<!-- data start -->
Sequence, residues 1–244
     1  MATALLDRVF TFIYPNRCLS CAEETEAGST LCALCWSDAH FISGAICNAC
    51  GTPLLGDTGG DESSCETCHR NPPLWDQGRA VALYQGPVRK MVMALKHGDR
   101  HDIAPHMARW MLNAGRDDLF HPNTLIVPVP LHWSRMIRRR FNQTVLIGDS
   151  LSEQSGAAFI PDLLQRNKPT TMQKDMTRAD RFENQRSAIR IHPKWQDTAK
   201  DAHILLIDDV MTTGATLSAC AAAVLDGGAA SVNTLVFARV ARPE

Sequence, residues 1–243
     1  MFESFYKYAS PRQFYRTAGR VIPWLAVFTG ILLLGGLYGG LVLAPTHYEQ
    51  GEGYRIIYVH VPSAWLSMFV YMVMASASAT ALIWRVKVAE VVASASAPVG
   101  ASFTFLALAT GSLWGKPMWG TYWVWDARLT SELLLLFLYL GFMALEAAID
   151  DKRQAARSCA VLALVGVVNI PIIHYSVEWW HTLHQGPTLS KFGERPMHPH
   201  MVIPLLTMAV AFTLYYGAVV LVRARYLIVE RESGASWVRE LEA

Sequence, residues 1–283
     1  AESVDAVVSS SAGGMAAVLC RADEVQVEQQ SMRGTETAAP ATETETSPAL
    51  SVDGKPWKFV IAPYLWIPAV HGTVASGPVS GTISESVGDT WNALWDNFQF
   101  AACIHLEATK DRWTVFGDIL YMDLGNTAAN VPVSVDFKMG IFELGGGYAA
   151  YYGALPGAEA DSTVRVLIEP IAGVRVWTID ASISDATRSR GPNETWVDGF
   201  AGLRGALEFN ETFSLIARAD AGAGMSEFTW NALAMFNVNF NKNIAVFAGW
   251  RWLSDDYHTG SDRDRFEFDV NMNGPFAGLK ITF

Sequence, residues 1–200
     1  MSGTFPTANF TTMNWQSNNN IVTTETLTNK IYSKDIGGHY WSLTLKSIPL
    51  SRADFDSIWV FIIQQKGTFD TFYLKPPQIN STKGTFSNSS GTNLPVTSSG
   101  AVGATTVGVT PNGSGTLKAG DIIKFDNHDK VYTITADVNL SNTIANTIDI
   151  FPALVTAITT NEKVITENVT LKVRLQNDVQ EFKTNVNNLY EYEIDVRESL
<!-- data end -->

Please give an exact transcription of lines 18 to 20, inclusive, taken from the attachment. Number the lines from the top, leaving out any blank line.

   201  AGLRGALEFN ETFSLIARAD AGAGMSEFTW NALAMFNVNF NKNIAVFAGW
   251  RWLSDDYHTG SDRDRFEFDV NMNGPFAGLK ITF

Sequence, residues 1–200